Staff Adventures: Oliver's Real-Life Kozi PLB Rescue
Within the world of adventure activities everyone understands that there is inherent risk involved, but we usually think in the beginning that ‘it will never happen to me’. I would think this to myself all the time until my recent trip to Kosciuszko National Park. My friends and I had planned to complete a four day circuit starting from the ski station at Guthega, up on to the Main Range, and coming back past Charlotte’s Pass. We checked the weather forecast which said that the wind would be strong, with some rain and possible snow flurries. Nothing we couldn’t handle.
We started walking at about ten o’clock in the morning. The wind was quite brisk but not particularly notable, and by 5:30pm we had made good time, ending up getting further than we had expected. The wind was picking up by then so we set up camp behind a small outcrop of boulders in the hope that they would create enough of a wind shield to protect us through to the morning.
The wind gained speed and by 8:30pm it was incredibly strong, barrelling onto our tent and pressing the poles inwards. With the tent roof smacking us in the face as if punishing us for bringing it on the trip, we decided to add more guy lines with a spare bit of cord. Outside the porch we were met with lashing snow, which bit painfully into any uncovered skin. As we attempted to support the tent better with the guy lines, the tent fly violently rippled and the poles struggled to remain upright against the attack. “Well, that wasn’t fun,” commented one of my fellow campers on our return to the tent, but it would feel like fun compared to what was coming.
Come 10:30pm the wind and snow had decided to bring their good mates thunder and lightning. The tent shook with such enthusiasm it was as if hundreds of wombats were using it as a trampoline, while a newly-ripped hole was letting in a huge amount rain and snow. We zipped all our sleeping bags together and shivered under space blankets, but as the night progressed the weather did not improve and we struggled to keep warm. With our tent and sleeping bags in a horrible condition one member was beginning to show symptoms of hypothermia. With the tent barely standing, and struggling to keep warm, we all looked towards the top pocket of my bag where I kept the PLB, or Personal Locator Beacon.
Ollie struggling in the wind, somewhere on the Main Range Circuit.
After a lot of thinking and shivering we made the difficult decision to set off our beacon. It was only afterwards that we thought to check cellphone reception and discovered that we had a signal. Having made sure that we brought fully-charged phones with us, we were able to call 000 to give them as much information on our location as possible. By the time we called they had found the trip intentions form that we had left at the National Parks office in Jindabyne before our departure, and asked us various questions, such as the location of the closest road head, information on our surroundings and any landmarks nearby. They told us someone was on their way and the call ended, then we huddled under our sleeping bags, wrapped up in any dry clothing we had and attempted to sleep.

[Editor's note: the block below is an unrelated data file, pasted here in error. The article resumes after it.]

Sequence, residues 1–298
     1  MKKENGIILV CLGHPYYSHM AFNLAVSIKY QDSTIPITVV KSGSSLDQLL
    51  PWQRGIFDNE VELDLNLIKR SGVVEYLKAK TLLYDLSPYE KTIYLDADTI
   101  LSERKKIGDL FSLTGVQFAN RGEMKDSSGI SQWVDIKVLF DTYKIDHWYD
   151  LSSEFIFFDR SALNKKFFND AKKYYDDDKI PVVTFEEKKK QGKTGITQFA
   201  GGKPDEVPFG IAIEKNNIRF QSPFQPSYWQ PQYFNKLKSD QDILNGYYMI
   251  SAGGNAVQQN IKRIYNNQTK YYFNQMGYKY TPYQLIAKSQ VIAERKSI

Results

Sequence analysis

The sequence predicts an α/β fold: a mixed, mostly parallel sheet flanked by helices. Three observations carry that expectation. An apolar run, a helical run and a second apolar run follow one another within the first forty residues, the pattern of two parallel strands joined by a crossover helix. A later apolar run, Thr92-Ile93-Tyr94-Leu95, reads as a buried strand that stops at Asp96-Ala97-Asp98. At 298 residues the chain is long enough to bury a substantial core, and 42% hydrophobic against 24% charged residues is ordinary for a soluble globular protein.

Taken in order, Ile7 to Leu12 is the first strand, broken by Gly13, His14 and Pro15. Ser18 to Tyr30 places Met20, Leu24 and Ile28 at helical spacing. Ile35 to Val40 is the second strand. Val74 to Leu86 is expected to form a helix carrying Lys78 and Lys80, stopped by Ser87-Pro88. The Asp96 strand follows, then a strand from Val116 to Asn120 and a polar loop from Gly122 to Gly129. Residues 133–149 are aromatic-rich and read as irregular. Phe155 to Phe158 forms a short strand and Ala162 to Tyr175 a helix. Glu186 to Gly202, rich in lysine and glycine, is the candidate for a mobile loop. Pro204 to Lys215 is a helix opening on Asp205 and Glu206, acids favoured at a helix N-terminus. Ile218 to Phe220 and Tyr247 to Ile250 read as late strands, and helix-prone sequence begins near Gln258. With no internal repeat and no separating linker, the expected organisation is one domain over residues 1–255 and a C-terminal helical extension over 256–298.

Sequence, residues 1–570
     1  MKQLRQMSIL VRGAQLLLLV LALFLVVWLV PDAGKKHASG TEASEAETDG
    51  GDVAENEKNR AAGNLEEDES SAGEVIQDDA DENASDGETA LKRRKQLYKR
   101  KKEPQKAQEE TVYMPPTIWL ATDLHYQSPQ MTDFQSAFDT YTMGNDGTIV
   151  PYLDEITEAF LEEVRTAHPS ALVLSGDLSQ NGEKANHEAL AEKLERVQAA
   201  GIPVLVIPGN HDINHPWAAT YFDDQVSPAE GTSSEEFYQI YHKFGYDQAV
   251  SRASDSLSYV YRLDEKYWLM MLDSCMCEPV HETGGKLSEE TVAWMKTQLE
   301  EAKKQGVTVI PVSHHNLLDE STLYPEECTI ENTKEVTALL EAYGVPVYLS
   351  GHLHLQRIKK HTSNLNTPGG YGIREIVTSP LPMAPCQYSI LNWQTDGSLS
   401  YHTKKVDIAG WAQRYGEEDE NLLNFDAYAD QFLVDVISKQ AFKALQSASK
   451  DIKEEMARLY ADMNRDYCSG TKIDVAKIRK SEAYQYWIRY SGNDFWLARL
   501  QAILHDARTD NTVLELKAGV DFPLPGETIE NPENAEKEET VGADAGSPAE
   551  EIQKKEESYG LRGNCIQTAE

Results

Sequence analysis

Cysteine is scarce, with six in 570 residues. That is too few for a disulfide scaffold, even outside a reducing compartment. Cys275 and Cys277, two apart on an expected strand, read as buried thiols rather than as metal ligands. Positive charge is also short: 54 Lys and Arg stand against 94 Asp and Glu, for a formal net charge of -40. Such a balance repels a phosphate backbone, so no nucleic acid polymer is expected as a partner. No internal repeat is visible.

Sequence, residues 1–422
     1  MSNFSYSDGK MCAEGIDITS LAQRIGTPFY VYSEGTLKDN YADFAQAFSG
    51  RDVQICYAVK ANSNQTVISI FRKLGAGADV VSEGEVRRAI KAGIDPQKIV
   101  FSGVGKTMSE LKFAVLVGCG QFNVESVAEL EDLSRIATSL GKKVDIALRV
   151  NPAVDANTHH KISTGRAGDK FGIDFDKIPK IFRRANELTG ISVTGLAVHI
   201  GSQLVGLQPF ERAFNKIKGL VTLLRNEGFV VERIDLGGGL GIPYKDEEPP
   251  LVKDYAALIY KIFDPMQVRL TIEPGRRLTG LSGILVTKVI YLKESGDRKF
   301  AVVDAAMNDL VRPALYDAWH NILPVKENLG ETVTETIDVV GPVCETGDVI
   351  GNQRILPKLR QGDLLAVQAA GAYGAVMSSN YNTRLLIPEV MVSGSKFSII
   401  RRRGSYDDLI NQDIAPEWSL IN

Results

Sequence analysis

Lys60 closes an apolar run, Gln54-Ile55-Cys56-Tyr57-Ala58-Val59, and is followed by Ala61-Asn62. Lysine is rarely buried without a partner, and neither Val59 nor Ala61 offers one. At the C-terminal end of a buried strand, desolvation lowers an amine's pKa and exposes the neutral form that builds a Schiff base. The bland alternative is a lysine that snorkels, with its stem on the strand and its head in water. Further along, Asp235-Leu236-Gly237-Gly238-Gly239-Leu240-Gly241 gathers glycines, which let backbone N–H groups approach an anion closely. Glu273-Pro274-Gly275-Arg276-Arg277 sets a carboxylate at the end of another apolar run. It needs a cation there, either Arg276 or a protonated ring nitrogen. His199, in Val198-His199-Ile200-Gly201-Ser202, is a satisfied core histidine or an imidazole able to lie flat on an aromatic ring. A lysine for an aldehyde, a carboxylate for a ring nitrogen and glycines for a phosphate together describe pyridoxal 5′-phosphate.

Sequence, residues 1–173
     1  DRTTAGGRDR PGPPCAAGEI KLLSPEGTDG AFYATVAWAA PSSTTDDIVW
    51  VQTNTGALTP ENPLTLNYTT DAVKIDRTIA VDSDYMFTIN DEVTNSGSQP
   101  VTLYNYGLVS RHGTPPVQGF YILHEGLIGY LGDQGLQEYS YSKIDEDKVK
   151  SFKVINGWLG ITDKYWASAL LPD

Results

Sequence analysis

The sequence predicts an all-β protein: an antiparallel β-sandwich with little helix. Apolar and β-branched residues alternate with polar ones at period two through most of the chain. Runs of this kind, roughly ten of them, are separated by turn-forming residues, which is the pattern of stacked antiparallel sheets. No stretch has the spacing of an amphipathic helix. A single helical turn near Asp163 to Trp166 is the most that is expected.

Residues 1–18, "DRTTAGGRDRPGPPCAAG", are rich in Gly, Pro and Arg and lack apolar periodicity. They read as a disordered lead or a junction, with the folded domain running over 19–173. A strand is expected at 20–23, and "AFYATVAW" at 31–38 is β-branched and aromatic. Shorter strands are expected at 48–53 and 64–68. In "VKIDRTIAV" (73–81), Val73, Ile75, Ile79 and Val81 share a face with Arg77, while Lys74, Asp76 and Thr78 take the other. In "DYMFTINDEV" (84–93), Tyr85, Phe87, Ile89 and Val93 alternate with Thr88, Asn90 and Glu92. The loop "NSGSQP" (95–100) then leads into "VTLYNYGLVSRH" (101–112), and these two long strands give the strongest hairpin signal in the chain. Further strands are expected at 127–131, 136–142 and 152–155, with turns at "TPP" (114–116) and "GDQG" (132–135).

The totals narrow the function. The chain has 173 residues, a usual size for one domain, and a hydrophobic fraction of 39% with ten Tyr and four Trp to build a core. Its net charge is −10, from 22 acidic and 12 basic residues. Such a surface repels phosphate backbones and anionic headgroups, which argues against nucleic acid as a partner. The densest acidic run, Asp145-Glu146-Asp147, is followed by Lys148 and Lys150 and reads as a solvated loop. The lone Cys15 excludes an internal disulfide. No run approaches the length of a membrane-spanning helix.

While I can’t say that we slept well the collective warmth and layers brought a bit of comfort. We got small bursts of five minutes sleep in between which the storm would rattle us awake. As the early hours of the morning rolled around we awoke to the wall of the tent lit up by what we thought was the sun, but checking the time it turned out to be only one o' clock in the morning. The storm had magically passed, leaving the mountain eerily quiet, and poking my head out of the tent I saw the source of this mysterious light - a heavy 4WD with Police markings was parked 200m down the mountain.
Two officers made their way towards our battered shelter, and chucking on my shoes I crawled out of the tent to meet them. They made sure we were okay and helped us pack up our gear, and on the drive back they asked as what happened, our names, address and phone numbers for their paperwork. They dropped us off back at Guthega and said they would help us find a place to stay. We thanked them and apologised for any inconvenience, to which they replied that we had made the right choice. On the drive back we received a call from the manager at the Banjo Patterson Inn who told us that that they had a room for us.
Drying off with Banjo Patterson
Of all my adventures this has been the one on which I have learned the most; not only how to avoid such situations but also how to extricate myself if the worst has already happened. I always take a PLB and to be perfectly honest I never had any idea what would happen if I had an emergency. Also, the response time to a PLB is unclear for many people, whic becomes very important when you do require help. It is also comforting to know that the systems in place are effective and the teams that use them are efficient. I would recommend taking a PLB such as the ACR ResQLink on any adventure. It could just save your life.